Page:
Fascinating, then, to compare her concert with the two Ravel programmes given by Paul Crossley. A slight stiffness in the opening Pavane of his first recital (14 Aug) - perhaps attributable to having to begin at the unearthly hour of 11am? - soon gave way to a powerful, nervous energy in the astonishing "Barque sur l'ocean" and "Alborada del Gracioso" from Miroirs, balanced by a darker, melancholic effect in "Oiseaux tristes" and a brilliantly managed fade to silence in "La Vallee des cloches". The cascades of notes in Jeux d'eau still left Crossley with energy for the more precise, chaste gestures of the later neo-classical works, culminating in Le Tombeau de Couperin. Even here, though, the dark, edgy undertones of Ravel's imagination, and the agonised touches which this pianist is expert in bringing out, were evident.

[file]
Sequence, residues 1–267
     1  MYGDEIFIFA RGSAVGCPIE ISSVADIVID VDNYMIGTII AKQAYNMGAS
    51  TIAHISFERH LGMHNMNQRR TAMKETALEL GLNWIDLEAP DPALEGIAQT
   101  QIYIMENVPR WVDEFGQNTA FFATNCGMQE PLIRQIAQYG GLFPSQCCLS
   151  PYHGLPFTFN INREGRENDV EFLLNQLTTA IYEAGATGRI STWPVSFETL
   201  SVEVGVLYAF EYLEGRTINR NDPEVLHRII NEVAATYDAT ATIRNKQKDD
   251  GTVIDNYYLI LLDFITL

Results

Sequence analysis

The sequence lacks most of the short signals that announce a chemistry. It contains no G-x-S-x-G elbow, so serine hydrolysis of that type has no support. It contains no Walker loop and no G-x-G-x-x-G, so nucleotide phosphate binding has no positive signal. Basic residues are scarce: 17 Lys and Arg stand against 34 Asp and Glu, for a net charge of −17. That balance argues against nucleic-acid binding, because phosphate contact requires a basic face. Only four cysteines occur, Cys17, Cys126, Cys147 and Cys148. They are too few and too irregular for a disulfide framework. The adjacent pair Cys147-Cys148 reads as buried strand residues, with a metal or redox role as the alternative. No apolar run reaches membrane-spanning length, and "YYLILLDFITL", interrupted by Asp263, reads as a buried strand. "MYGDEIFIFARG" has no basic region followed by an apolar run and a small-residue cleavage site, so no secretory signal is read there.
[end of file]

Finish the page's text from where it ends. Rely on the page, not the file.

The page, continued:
The second Crossley recital, last Tuesday, gave further evidence of this side of Ravel, especially in the veiled effects and wild outbursts of La Valse, and the dissonant, abrupt harmonies of Valses nobles et sentimentales. If De Larrocha's approach is one of clarity and restrained passion, Crossley's is more "transcendental" - a sort of ploughing through a metaphysical murk of technical virtuosity towards some desirable but never completely attainable goal. Which is perhaps what Ravel was ultimately all about. This latter quality was most powerful in the almost demonic, haunted world of the concluding Gaspard de la nuit. It was something of a shock, then, when the pianist had to announce an end to proceedings before the last section, "Scarbo", pleading ill-health. The ovation he received was appropriate to what would have been a magnificent performance in normal circumstances, and was downright extraordinary in these.
LAURENCE HUGHESReuse content